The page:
Deppea splendens (golden fuchsia)
Believed to be saved from extinction in its native home of Chiapas, Mexico through cultivation at three U.S. botanical gardens including SFBG, the show-stopping large yellow tubular flowers with contrasting deep-red calyx can take full sun/partial shade in the Bay Area.
Dahlia imperialis (tree dahlia)
Reaching up to 18', the nodding, bell-shaped flowers of this tree dahlia are a rich lavender or purple. SFBG also has a 'double white' cultivar that shouldn't be missed.
One of many species of cupheas at the Garden, these shrubs are often vigorous and bloom year round in California. The two deep-maroon, enlarged petals on the flowers of this species appear as mouse ears, giving way to one of its common names, "tiny-mice plant."
Pinus pseudostrobus var. apulcensis
Previously known as the Oaxacan Pine, this graceful long-needled pine is most common in the highlands of Oaxaca, Mexico, but its range extends into Central America. It is an outstanding ornamental, best adapted to warm temperate climates and can take severe freezes and some drought. Because of the long drooping needles it is also known as "waterfall pine."
Salvia cacaliifolia (Guatemalan sage)
This exceptional, long blooming Salvia has fuzzy gentian-blue flowers on terminal racemes above the many stemmed emerald-green foliage with thick triangular leaves. It is native to the mountainous regions of southern Mexico, Honduras and Guatemala.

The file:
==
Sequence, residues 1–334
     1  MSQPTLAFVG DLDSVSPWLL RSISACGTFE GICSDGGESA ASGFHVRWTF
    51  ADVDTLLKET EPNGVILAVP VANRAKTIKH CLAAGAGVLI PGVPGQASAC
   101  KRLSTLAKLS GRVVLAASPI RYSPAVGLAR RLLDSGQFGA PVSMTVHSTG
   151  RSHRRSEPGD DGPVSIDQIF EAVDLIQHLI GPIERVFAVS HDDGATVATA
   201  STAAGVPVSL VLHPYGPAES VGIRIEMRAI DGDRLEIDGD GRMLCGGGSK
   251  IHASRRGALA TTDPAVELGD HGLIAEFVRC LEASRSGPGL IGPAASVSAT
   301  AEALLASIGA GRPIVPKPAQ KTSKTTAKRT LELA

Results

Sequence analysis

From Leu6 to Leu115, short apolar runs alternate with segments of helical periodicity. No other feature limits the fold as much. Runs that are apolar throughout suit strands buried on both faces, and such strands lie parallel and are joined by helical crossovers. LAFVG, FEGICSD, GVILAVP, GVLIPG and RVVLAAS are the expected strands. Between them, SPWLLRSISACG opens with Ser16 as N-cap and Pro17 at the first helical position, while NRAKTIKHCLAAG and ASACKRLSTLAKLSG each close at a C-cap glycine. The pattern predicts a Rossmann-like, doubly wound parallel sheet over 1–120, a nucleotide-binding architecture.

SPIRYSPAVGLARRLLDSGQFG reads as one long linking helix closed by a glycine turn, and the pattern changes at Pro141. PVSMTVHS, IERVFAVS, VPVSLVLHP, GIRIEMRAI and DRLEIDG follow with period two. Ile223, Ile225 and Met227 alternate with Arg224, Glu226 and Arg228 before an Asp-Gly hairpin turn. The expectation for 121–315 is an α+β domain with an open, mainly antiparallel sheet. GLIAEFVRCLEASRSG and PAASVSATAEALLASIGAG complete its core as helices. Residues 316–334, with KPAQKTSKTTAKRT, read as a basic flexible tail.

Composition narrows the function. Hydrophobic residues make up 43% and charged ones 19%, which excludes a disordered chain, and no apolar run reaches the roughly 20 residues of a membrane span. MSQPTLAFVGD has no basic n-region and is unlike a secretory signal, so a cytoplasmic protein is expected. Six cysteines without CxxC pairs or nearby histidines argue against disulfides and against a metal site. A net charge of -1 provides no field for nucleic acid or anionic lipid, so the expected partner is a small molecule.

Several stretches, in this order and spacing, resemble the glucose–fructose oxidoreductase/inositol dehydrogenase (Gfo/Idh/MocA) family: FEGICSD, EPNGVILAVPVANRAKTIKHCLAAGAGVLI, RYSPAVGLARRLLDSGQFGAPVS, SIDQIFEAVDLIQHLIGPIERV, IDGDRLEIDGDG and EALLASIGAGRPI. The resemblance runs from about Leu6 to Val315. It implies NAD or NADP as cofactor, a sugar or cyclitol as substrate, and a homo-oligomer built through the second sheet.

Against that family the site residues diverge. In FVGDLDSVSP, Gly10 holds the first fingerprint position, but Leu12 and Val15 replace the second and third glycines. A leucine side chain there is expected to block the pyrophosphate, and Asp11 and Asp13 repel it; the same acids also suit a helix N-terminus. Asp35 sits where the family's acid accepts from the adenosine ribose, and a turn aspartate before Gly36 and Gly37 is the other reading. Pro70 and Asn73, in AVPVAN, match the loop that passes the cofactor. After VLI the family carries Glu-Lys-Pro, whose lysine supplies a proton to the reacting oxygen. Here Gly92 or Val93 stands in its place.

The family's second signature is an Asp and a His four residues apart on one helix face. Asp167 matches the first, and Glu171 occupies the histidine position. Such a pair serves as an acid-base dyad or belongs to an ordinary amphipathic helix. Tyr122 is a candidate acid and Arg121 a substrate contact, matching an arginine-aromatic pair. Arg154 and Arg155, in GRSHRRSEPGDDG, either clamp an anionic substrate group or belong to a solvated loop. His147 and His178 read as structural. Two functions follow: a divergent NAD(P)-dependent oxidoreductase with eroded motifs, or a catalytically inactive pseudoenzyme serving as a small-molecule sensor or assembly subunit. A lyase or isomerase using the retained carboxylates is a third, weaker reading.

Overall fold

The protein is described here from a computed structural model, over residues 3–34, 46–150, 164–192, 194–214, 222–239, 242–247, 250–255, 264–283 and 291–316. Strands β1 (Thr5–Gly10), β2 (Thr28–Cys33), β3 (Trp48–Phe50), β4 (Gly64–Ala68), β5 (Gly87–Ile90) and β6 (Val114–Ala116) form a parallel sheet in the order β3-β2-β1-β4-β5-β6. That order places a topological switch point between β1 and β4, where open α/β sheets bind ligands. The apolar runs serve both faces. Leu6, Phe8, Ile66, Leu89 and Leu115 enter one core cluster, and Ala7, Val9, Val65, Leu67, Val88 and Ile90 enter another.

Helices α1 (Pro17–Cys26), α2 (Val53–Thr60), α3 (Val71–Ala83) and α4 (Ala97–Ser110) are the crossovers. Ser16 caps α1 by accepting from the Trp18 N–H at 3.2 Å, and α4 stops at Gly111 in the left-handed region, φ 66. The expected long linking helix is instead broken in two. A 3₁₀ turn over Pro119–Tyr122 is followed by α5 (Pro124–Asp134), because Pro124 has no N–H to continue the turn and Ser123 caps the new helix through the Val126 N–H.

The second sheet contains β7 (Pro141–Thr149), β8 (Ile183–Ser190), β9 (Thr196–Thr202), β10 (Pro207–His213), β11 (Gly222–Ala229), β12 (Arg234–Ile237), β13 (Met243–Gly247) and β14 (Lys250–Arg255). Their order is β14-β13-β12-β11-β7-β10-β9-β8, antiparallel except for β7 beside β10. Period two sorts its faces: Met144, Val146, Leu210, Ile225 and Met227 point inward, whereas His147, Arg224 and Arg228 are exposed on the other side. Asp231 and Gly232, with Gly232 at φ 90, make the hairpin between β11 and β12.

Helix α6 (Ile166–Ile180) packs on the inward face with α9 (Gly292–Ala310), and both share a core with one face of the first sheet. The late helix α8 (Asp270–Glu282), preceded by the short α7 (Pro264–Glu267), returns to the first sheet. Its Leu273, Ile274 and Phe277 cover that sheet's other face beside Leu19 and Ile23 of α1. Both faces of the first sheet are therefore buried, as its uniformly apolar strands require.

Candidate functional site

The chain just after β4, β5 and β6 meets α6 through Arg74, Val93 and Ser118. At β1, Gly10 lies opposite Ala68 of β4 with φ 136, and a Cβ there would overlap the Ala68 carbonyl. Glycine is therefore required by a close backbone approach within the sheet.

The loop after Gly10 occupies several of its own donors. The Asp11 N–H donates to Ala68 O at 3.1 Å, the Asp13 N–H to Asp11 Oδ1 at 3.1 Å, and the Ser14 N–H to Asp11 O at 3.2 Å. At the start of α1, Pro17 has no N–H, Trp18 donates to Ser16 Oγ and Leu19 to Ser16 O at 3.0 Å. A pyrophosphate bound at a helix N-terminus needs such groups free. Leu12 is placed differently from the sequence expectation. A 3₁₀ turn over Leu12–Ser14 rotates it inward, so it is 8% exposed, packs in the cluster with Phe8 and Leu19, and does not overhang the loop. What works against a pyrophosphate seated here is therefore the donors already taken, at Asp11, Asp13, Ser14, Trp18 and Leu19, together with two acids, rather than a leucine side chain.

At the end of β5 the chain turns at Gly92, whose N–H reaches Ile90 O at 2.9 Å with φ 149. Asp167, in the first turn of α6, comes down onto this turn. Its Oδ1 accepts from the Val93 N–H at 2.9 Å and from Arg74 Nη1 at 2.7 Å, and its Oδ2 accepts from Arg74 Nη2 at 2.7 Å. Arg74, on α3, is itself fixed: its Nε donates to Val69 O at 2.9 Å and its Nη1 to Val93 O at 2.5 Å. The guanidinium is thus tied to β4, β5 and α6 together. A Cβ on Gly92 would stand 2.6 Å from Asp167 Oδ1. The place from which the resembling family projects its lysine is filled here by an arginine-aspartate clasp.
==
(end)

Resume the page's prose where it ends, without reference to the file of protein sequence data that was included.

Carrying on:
A very common plant in Chiapas, Mexico, this attractive tree has dark green leaves covered with red hairs, contrasting against clusters of white flowers. It is related to the kiwifruit and also has small, furry fruits that are sweet to eat. Native to the cloud forest, for cultivation it prefers our foggy coastal California.
Montanoa spp. (tree daisy)
The real show of the Mesoamerican Cloud Forest collection, these towering trees can reach over 50' and are covered with large white daisies. Several species are grown at SFBG, so be sure to look down on the forest floor, as well, for the petals some call "San Francisco snow."
In their struggle for sunlight in the cloud forests of Central America, some normally herbaceous plants develop a tree habit, with huge leaves, large flowers and woody trunks. One such fascinating specimen, a member of the daisy family, grows over 18' tall, with large scalloped leaves up to 14' long and its dinner plate-size golden inflorescences (flower clusters).